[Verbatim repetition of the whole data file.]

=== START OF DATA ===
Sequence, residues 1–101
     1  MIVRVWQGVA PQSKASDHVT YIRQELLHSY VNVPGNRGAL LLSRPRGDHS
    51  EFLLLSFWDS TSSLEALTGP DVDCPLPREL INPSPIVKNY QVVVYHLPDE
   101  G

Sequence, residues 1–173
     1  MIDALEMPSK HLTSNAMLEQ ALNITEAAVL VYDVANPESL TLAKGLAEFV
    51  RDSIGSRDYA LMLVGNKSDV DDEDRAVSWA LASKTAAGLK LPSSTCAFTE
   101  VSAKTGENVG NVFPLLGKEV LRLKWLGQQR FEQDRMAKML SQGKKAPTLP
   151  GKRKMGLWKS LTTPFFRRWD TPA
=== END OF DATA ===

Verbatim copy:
Sequence, residues 1–101
     1  MIVRVWQGVA PQSKASDHVT YIRQELLHSY VNVPGNRGAL LLSRPRGDHS
    51  EFLLLSFWDS TSSLEALTGP DVDCPLPREL INPSPIVKNY QVVVYHLPDE
   101  G

Sequence, residues 1–173
     1  MIDALEMPSK HLTSNAMLEQ ALNITEAAVL VYDVANPESL TLAKGLAEFV
    51  RDSIGSRDYA LMLVGNKSDV DDEDRAVSWA LASKTAAGLK LPSSTCAFTE
   101  VSAKTGENVG NVFPLLGKEV LRLKWLGQQR FEQDRMAKML SQGKKAPTLP
   151  GKRKMGLWKS LTTPFFRRWD TPA